As I've been immersing myself in Bolton Hall's work lately, I've been finding that nearly half of the book-length works consist of parables of one sort or another. The parable form is fairly common among radical writers in the late 19th and early 20th centuries. Before he wandered off into anti-semitism and eugenic speculation, Morrison Isaac Swift, the anti-imperialist, wrote a collection of entertaining short fictions, nearly all of which amount to radical parables. A number of Mary Marcy's books published by Charles H. Kerr took the form of socialist parables. Of course, these latter works were a bit more doctrinaire than those of Hall, who is nothing if not ecumenical. Someone like William Batchelder Greene would draw on a variety of discourses and rationales, from the Christian critique of usury to the theories of Proudhon and Beck, in his successive editions of Mutual Banking. But Hall is hard at work speaking all of these languages together, returning to the same issues again and again, mixing the elements in slightly different ways. The result may seem a bit naive to us - cynical lot that we are - but the point is clear enough, and clear without a lot of direct pleading. Equity and the Kingdom of Heaven are one, and neither is to be put off until later.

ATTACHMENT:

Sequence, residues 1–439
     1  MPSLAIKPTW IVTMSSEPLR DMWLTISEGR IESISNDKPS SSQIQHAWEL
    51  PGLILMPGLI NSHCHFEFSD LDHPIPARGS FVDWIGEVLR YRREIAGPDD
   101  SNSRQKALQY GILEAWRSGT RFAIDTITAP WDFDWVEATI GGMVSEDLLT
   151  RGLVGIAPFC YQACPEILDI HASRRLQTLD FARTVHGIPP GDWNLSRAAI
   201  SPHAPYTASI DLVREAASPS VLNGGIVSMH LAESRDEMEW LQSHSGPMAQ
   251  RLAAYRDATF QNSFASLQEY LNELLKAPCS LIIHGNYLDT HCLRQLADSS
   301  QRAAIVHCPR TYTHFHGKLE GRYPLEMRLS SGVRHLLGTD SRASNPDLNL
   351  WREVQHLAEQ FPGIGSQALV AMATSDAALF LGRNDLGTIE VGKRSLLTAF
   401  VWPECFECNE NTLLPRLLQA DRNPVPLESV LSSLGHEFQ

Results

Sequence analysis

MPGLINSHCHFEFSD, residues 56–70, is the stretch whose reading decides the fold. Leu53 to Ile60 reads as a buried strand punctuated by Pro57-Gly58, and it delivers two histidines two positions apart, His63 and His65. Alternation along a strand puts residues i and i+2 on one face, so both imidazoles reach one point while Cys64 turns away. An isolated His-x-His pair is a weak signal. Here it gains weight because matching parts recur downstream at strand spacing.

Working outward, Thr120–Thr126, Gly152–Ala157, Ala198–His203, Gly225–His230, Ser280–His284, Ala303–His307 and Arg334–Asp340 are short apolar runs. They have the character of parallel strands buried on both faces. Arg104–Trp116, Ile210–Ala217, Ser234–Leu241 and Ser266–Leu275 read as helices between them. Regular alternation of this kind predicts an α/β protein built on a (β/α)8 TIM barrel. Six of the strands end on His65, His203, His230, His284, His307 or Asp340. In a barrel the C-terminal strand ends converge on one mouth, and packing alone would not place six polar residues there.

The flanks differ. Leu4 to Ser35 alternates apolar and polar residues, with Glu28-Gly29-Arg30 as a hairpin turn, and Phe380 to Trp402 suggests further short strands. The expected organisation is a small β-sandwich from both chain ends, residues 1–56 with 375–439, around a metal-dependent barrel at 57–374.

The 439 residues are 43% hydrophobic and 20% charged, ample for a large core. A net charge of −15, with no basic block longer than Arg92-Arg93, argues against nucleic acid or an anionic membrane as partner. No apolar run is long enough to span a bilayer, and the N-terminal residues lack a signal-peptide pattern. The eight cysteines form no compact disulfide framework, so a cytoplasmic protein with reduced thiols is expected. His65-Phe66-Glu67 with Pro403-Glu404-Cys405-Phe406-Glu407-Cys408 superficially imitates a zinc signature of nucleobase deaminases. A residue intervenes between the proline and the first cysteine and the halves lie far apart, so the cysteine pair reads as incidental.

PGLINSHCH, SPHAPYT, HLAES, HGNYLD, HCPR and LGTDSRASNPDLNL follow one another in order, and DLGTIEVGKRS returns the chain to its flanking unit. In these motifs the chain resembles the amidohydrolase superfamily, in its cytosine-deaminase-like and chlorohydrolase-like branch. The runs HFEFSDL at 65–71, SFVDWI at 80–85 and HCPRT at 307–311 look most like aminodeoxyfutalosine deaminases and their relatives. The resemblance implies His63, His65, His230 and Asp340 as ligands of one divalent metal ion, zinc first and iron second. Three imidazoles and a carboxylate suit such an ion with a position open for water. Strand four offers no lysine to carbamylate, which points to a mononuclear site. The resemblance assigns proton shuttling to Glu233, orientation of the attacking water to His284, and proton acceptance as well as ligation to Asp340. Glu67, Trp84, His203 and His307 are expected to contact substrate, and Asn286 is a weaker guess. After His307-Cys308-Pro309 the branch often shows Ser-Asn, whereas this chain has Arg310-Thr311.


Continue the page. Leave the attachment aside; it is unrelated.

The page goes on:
Cynical lot or not, it's hard not to respond to that. . .